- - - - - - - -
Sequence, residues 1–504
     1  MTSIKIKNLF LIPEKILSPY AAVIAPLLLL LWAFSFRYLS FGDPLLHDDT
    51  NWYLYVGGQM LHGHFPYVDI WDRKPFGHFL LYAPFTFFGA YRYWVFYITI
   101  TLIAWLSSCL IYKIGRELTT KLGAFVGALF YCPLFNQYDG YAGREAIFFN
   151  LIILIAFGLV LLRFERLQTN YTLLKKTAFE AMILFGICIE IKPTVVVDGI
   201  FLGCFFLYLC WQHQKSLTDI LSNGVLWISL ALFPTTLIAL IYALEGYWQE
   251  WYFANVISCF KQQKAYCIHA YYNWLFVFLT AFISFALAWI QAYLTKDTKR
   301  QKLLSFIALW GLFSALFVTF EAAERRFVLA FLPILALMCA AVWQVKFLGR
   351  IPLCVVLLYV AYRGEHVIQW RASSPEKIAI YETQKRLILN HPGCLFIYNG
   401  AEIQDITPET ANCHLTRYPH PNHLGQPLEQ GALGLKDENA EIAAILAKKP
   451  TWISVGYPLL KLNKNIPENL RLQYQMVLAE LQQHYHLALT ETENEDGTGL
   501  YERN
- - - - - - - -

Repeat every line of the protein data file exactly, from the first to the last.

Sequence, residues 1–504
     1  MTSIKIKNLF LIPEKILSPY AAVIAPLLLL LWAFSFRYLS FGDPLLHDDT
    51  NWYLYVGGQM LHGHFPYVDI WDRKPFGHFL LYAPFTFFGA YRYWVFYITI
   101  TLIAWLSSCL IYKIGRELTT KLGAFVGALF YCPLFNQYDG YAGREAIFFN
   151  LIILIAFGLV LLRFERLQTN YTLLKKTAFE AMILFGICIE IKPTVVVDGI
   201  FLGCFFLYLC WQHQKSLTDI LSNGVLWISL ALFPTTLIAL IYALEGYWQE
   251  WYFANVISCF KQQKAYCIHA YYNWLFVFLT AFISFALAWI QAYLTKDTKR
   301  QKLLSFIALW GLFSALFVTF EAAERRFVLA FLPILALMCA AVWQVKFLGR
   351  IPLCVVLLYV AYRGEHVIQW RASSPEKIAI YETQKRLILN HPGCLFIYNG
   401  AEIQDITPET ANCHLTRYPH PNHLGQPLEQ GALGLKDENA EIAAILAKKP
   451  TWISVGYPLL KLNKNIPENL RLQYQMVLAE LQQHYHLALT ETENEDGTGL
   501  YERN